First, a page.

Child sex abuse in Nunavut at a ‘crisis’ level, advocate says

Even without cases being properly tracked, the numbers are ‘shocking,’ says territory’s children and youth representative

Jane Bates, Nunavut’s representative for children and youth, answered questions from members of the standing committee on oversight of government operations and public accounts during a two day hearing on her 2019-20 annual report. (File photo by Dustin Patar)

By Mélanie Ritchot

High rates and inaccurate tracking of sexual abuse against children, as well as a lack of accountability within Government of Nunavut departments were discussed in the legislative assembly last week as MLAs questioned the territory’s children and youth representative on a recent report.

Of 625 registered sex offenders in Nunavut, 70 per cent have acted against children, according to the Representative for Children and Youth’s 2019-20 Annual Report, the most recent one published by her office.

Jane Bates, the representative, called the numbers “shocking” while answering questions about her findings during a committee hearing in the legislative assembly on June 21 and 22. As representative for children and youth, Bates is responsible for ensuring the Government of Nunavut provides ethical, equitable and consistent services to young Nunavummiut and their families, her office’s website says.

MLA Adam Lightstone, a member of the committee reviewing Bates’ report, asked her at what point the levels of violence and sexual abuse against children in the territory is considered a crisis.

Jane Bates was appointed the representative for children and youth in June 2019. (Photo courtesy of the Representative for Children and Youth’s office)

Bates said it already is at a crisis level.

In her report, Bates said she was not only shocked by the prevalence of violence and physical and sexual abuse against children in the territory but by these incidents not being counted.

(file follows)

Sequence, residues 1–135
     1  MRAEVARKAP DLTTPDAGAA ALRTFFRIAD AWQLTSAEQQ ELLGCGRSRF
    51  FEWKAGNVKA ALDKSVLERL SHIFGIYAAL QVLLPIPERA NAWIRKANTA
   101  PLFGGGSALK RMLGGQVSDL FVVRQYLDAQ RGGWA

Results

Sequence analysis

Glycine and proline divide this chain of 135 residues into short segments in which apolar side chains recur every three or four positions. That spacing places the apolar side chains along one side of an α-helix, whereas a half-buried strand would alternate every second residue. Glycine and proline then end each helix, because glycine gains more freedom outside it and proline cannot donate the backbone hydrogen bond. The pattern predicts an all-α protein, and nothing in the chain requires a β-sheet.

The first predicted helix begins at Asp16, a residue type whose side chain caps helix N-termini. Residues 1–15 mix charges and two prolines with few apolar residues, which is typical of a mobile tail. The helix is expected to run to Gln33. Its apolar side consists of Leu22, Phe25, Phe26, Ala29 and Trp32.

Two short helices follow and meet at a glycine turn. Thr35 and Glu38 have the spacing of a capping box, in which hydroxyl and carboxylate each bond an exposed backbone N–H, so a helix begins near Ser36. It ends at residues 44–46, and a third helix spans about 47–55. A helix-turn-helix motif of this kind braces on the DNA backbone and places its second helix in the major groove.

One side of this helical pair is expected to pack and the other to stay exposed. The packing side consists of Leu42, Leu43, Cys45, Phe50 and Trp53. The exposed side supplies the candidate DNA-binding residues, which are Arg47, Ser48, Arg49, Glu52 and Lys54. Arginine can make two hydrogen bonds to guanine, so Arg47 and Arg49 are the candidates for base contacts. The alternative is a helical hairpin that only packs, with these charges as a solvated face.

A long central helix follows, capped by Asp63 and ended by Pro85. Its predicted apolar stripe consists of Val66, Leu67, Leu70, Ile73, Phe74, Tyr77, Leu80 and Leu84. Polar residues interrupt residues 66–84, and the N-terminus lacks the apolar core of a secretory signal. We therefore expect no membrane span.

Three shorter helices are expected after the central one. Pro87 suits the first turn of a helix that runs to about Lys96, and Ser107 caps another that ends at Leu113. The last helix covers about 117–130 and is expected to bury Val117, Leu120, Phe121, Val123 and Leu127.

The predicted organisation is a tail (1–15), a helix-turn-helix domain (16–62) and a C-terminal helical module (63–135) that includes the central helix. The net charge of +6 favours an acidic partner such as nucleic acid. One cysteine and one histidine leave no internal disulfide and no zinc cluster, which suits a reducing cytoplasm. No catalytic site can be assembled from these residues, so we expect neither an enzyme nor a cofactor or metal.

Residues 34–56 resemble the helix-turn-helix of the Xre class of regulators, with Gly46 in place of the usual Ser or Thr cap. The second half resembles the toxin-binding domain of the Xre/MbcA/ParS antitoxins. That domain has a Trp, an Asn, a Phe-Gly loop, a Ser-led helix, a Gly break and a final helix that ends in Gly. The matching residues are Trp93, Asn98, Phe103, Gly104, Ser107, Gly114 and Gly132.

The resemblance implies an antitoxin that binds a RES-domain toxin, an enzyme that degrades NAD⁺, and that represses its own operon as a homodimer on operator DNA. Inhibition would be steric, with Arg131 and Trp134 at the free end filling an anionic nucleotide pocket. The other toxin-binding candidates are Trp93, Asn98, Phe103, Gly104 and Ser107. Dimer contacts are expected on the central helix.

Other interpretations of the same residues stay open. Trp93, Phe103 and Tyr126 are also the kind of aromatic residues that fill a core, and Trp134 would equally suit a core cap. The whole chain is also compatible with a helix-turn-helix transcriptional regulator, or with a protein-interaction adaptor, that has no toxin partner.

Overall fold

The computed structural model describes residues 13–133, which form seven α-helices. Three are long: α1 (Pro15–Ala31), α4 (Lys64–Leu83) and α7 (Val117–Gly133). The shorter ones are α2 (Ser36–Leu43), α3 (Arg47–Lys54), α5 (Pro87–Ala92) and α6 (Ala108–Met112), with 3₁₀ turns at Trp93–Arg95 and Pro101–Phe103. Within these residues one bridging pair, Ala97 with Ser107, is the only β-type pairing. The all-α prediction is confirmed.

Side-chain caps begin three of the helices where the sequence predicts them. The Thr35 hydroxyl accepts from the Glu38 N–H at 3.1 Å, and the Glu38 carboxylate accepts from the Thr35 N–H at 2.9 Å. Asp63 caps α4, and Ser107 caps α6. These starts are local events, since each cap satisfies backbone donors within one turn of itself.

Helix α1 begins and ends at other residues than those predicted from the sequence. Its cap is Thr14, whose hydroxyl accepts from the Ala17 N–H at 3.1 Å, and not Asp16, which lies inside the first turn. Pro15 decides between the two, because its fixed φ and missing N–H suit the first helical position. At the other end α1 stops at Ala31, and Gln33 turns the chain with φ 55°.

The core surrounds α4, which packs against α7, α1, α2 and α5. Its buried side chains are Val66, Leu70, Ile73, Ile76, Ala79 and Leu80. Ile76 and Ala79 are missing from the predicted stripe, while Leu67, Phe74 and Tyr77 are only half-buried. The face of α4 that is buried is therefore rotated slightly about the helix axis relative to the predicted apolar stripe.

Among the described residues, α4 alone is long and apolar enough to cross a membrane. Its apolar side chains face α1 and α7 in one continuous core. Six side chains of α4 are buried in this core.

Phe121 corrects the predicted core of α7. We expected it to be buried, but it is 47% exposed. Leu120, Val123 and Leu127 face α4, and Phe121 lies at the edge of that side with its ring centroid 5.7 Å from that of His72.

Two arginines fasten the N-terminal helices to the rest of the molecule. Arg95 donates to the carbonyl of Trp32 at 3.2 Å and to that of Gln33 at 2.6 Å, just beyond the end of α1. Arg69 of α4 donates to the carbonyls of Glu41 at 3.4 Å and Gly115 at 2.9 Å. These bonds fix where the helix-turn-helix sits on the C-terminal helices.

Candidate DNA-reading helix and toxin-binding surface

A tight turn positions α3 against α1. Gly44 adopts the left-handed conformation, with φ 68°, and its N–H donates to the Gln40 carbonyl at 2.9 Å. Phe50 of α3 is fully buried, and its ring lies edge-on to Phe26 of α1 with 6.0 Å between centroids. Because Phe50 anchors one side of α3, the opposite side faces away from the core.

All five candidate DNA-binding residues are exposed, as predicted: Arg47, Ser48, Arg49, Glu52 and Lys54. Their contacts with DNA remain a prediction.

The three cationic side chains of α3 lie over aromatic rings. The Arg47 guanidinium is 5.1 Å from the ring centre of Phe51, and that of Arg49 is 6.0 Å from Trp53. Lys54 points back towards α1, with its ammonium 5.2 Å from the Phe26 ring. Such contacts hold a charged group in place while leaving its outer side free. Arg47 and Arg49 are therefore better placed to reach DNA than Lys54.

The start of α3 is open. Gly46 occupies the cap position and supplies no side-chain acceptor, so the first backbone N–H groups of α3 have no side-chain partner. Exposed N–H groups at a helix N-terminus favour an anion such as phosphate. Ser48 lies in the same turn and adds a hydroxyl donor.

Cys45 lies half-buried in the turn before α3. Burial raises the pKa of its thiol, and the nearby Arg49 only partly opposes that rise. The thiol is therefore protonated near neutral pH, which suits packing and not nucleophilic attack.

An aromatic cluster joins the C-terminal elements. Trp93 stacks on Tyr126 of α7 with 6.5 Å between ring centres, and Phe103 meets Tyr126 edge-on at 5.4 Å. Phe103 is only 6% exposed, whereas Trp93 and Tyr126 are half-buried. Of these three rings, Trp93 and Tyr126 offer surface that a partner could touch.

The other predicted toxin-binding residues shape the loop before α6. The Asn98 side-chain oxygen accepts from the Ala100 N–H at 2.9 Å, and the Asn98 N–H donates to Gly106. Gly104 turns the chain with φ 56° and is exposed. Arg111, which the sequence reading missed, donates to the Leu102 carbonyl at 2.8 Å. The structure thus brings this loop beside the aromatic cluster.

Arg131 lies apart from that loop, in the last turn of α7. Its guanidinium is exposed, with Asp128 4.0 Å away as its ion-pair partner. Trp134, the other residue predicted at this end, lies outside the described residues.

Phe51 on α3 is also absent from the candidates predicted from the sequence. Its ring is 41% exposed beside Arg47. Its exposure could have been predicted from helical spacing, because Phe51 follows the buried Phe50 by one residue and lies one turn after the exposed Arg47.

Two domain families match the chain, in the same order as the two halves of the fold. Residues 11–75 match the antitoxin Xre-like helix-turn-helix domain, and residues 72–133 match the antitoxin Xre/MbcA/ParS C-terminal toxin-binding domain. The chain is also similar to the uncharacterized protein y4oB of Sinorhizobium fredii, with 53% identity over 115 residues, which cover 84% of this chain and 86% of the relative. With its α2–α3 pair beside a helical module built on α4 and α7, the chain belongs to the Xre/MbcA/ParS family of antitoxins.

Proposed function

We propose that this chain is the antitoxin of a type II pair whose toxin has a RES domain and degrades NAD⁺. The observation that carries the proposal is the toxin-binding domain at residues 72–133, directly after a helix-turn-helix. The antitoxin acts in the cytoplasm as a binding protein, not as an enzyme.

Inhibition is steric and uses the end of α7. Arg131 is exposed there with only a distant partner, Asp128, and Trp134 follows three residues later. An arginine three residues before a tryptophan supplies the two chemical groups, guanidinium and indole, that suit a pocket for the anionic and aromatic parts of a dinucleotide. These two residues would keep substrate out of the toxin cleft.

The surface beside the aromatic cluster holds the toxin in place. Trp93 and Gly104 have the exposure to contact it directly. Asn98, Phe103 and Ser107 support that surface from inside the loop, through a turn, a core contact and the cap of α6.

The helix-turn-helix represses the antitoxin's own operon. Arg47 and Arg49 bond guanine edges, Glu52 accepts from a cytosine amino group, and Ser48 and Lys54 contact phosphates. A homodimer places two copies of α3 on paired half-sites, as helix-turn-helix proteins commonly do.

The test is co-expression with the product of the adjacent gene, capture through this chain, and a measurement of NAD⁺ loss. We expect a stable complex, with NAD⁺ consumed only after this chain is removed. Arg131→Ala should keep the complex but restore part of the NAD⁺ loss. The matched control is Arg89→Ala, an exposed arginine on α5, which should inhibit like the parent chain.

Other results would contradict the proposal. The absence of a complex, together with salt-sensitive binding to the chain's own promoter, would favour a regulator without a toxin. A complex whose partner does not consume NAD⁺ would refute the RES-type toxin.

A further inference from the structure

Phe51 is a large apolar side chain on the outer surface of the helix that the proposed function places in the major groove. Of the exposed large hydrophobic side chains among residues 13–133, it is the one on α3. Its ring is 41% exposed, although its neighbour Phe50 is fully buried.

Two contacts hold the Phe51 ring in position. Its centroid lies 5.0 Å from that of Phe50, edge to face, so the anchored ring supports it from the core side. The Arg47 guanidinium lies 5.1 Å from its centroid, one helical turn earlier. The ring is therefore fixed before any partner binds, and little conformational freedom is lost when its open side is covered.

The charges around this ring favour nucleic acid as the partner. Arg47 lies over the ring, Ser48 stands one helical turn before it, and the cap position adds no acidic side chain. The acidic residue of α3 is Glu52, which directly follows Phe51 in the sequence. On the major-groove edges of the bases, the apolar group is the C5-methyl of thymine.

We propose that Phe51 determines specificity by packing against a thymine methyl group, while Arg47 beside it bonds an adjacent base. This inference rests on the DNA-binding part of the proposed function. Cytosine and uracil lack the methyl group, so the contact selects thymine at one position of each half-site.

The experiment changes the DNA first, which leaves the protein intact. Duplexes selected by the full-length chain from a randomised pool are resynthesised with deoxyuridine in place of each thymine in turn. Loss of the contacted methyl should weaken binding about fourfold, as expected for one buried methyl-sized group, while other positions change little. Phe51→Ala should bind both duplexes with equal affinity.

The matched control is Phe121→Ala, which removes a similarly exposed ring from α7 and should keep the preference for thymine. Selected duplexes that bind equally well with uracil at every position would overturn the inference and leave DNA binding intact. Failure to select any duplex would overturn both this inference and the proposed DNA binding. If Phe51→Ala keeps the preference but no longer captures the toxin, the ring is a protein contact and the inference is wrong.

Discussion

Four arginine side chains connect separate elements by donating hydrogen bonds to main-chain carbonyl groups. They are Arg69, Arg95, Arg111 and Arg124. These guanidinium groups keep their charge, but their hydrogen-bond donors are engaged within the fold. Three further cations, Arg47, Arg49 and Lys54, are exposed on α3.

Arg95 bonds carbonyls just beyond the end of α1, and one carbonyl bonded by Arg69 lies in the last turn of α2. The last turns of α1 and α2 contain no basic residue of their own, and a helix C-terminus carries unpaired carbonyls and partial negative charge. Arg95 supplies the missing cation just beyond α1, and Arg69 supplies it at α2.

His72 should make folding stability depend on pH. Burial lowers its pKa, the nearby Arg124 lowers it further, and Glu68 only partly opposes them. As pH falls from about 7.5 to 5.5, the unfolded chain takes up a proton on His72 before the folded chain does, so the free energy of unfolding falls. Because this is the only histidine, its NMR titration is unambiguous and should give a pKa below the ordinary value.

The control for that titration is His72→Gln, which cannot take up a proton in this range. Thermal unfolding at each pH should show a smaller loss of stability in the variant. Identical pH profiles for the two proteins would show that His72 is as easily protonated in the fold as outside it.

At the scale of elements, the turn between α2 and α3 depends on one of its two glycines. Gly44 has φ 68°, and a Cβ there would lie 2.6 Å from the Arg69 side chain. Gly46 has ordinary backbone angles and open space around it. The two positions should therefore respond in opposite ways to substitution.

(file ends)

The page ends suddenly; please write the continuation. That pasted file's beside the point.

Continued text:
“Family Services has admitted these occurrences were not being tracked consistently,” she said in the legislature.

Bates referenced a statement Family Services Minister Elisapee Sheutiapik made in March 2020, when she said the department gets about two calls per week about child sexual abuse.

“That means any year, Family Services is receiving approximately 104 reports of child sexual abuse,” Bates said, adding that the actual numbers aren’t known because they aren’t actually tracked.

The Government of Nunauvut’s lack of tracking of basic information about services for young people was something her office learned while collecting information from GN departments to create the annual report, Bates said.

“It took my staff many hours to sift through, decipher, and clarify what was provided,” she said.

Bates said the first step to tackling the issue is having an accurate understanding of how big the problem is.

“There needs to be a community understanding and acknowledgment that child abuse is occurring,” she said.

Bates said departments have been aware of many issues in the report for years with “little or no” action being taken.

In the report, Bates — who has held her role for two years — said some GN employees aren’t held accountable. She called for actions to be taken.

“Many staff at all levels are not following policy, procedure, and legislation,” Bates said during the hearing.

For example, she said required documentation isn’t being done by Family Services employees.

“This is not a one-off instance,” Bates said. “We see it at all levels.”

Another example Bates gave is families not being informed of their rights and plans of care not being created, which is the law.

Plans of care are written agreements between parents and the department that outline a plan to keep a child safe when a youth or family needs support, but there’s no serious concern for the child’s safety or well-being.

They give families the chance to resolve issues themselves before having to go to court, according to the GN.

Bates said her office often hears the issue is a lack of staff, but even if positions are filled, not everyone is following policies.

Yvonne Niego, the deputy minister of Family Services, noted gaps across the department including high staff turnover and burnout-level workloads for social workers.

But she said progress is being made, such as creating the family wellness division, and reorganizing senior managers and staff to balance workloads and “strengthen supervision” and communication.

A new critical incident database, a quality assurance team and a new phone number for child welfare-related calls are other improvements Niego listed.

In terms of solutions, Bates said mental health services, addiction treatment, and trauma counselling need to be taken into account, as well as historical trauma and “all the factors that contribute” to child abuse and neglect.”